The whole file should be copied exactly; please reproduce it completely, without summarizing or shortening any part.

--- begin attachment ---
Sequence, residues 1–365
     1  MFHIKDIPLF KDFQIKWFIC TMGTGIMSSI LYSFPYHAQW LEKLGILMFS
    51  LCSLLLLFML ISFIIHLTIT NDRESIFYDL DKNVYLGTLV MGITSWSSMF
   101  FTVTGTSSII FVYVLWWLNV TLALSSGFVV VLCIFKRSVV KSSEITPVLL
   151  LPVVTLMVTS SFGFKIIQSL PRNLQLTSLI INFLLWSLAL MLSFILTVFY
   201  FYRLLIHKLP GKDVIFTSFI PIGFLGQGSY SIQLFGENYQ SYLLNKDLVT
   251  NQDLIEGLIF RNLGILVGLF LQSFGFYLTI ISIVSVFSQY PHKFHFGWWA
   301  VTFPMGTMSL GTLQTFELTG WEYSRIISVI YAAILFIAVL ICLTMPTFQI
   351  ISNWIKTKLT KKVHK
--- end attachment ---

Sequence, residues 1–365
     1  MFHIKDIPLF KDFQIKWFIC TMGTGIMSSI LYSFPYHAQW LEKLGILMFS
    51  LCSLLLLFML ISFIIHLTIT NDRESIFYDL DKNVYLGTLV MGITSWSSMF
   101  FTVTGTSSII FVYVLWWLNV TLALSSGFVV VLCIFKRSVV KSSEITPVLL
   151  LPVVTLMVTS SFGFKIIQSL PRNLQLTSLI INFLLWSLAL MLSFILTVFY
   201  FYRLLIHKLP GKDVIFTSFI PIGFLGQGSY SIQLFGENYQ SYLLNKDLVT
   251  NQDLIEGLIF RNLGILVGLF LQSFGFYLTI ISIVSVFSQY PHKFHFGWWA
   301  VTFPMGTMSL GTLQTFELTG WEYSRIISVI YAAILFIAVL ICLTMPTFQI
   351  ISNWIKTKLT KKVHK